October 12, 2006

Past Into Present

"In reality, the past is preserved by itself automatically. In its entirety, probably, it follows us at every instant; all that we have felt, thought and willed from our earliest infancy is there, leaning over the present which is about to join it, pressing against the portals of consciousness that would fain leave it outside."

Henri Bergson
(from Creative Evolution)

If you don’t think that past is present, ask any native Southerner. Even better, ask an Orthodox Christian. Both are immersed in a culture saturated with reminders of heroes, villains and stories from a past sometimes made fuzzy by time and circumstance. A somewhat skewed analogy to be sure, but for both a basic premise holds; tradition is good, hidebound tradition is worse.

To that point, there is a lot of debate/discussion in the Orthodox-blogosphere lately about newcomers to the Orthodox faith, and a somewhat surprising conversation about the meaning/purpose of priestly garb and accoutrements.

I think at the heart of these discussions is the question of how will Orthodoxy incorporate the past into the present? How to make compatible the Orthodox emphasis on slow change within traditional boundaries with the influx of new things, new ideas, and new people? This is certainly not the first time the church has been forced to have this discussion. Perhaps it is different here because America is such a unique place. Perhaps it is our hubris that makes us think so.

I have not experienced any of the “us against them” mentality or any ethnic bias. The majority of the parishioners are, like myself, converts who came looking for a place that was stable, a tradition that held to tradition, not a tradition of shifting standards and flexible truth. We are glad to be on the ark of salvation and we are not really concerned with what the priest does or does not wear, or whether or not it is what they would have worn in the old country, or the minutiae of what the buttons may or may not mean. We know we have found the true faith and (hopefully) we spend our time growing as much as we can. We don’t want change for change’s sake. We want what only the Church has to offer. We want to immerse ourselves in the reminders of the past, the Divine Liturgy, icons, incense, prayer, confession, fasting. We do not want to reinvent the Protestant tradition within the Orthodox Church. We spent too much time getting away to look back.

It is much the same here in the South. Anyone who has spent any time here has seen the ubiquitous Confederate battle flags, the innumerable other references to the Lost Cause. William Faulkner, and most other Southern writers, have as an enduring motif the notion that the past is still with us, inextricably bound up, and with, the present and has a palpable influence on everyday life and decisions. For Faulkner it is the lost antebellum splendor, the ghost of slavery, the pain of defeat. The past is of course not all good, the specter of Jim Crow, poverty, the good ol’ boy system, the Dukes of Hazzard. But there are so many good things to embrace: fish grits, manners, an acceptance of strangers, a certain piety, collective memory, family. The best we can do is to be willing to let go of that which harms us individually and as a people. We can hold on to that which is good, that which is right, to the ties that bind. We recognize and reject those who would hold on to any notion of inequality, separation or bigotry. Sometimes the past is best left there.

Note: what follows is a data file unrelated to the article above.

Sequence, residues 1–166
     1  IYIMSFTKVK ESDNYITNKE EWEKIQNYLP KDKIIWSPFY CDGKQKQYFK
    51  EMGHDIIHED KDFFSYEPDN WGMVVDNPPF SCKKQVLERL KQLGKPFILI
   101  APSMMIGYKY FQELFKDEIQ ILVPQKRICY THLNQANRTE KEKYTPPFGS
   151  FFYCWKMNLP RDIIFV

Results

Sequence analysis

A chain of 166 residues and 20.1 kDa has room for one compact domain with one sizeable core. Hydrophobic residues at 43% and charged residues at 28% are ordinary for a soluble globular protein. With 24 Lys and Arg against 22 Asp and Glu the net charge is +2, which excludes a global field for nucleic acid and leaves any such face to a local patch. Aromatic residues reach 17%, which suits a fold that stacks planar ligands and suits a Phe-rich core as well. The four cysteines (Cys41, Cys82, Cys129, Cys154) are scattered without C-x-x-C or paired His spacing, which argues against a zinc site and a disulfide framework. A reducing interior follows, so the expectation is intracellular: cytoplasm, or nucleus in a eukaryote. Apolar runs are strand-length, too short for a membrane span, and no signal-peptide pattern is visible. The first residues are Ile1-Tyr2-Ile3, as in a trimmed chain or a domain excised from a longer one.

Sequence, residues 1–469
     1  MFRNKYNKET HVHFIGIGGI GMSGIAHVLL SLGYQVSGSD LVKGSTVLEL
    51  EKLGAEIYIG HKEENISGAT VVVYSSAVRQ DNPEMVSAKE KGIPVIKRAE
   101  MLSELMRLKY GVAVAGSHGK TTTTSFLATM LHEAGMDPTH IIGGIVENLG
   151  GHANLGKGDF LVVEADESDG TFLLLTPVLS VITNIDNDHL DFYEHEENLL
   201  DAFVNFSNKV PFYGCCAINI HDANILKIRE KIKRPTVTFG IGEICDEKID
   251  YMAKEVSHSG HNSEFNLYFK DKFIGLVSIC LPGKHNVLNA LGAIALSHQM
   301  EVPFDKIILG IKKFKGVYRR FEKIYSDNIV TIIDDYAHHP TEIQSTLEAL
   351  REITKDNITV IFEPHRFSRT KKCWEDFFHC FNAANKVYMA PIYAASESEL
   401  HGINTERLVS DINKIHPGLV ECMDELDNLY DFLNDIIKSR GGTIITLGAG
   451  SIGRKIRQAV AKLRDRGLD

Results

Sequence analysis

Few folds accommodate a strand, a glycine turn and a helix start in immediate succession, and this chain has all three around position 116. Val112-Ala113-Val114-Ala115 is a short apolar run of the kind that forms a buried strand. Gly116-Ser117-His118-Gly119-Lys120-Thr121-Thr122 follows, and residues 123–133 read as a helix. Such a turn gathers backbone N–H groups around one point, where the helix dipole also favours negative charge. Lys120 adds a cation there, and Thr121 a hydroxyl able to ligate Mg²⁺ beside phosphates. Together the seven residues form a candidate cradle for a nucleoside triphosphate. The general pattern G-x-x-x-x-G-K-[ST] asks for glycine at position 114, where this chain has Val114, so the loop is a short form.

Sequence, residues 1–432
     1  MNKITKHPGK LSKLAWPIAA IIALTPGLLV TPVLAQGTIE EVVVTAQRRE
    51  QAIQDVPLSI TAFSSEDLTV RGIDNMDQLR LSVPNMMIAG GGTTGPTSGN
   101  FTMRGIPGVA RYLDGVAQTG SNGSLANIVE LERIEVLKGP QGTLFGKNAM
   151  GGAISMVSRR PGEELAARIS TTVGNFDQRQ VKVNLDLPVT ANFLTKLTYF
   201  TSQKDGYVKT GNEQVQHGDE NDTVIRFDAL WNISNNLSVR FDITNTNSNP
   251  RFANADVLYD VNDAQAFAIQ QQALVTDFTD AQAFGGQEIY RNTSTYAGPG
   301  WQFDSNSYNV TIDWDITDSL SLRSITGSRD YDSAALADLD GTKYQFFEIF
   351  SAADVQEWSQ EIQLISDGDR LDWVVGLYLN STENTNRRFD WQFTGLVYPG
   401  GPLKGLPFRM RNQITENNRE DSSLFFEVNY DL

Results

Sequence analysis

It’s the same way in relationships. The past can be a source of great comfort or great discomfort. It is a great place to look for lessons about dealing with the future. Sometimes the past seems so real that we feel trapped in it. Sometimes the past can be very comfortable, too comfortable. Inevitably we all have to (or at least should) face the reality that change in inevitable. People change. Relationships change. Everything changes. We are all in the process of becoming. It is much better if we are becoming what God would have us to be. Corporately and individually we must learn from our mistakes, forgive each other, be compassionate.

On a lighter note, here is my best try at a faux-Faulkner sentence. It’s a transitional passage from a much longer work:

“The man who put Yoknapatawpha on the Mississippi map showed him how to stand on the threshold of today, using new forms and experimenting, while casting an eye always backward for the sources, eeking out the effluvium of a past long, long dead, ghosting with ghosts that would not leave, shackled to the story of a war lost and an honor kept, embittered beyond recompense, seeking the antebellum splendor of a civilization that thought itself noble, but really now, even though the past was equal to present for those raised in ancestral families and on land long reaped by dissembling captives, was only a people still on the edge and still in the dark.”


DebD said...

If you don’t think that past is present, ask any native Southerner. Even better, ask an Orthodox Christian.
Yes, ask anyone who grew up at the hands of an abusive or neglective parent. Oh yes, it is always there surrounding us and with a lot of hope and prayer it is spurring us to be better parents ourselves.


I think we also want the stability that comes with Orthodoxy. It is changless and remains the same. I am not looking for "new and improved" any longer. I don't want Orthodoxy to change, I want it to change me.

Thanks for these good, thoughtful words.


November In My Soul said...


You're absolutely right about the echoes of neglect staying with us. I also agree about the solidity of Orthodoxy. Oddly enough, for awhile I struggled with just that issue. But as you say, Orthodoxy didn't change, I did.

Thank you so much for taking the time to comment.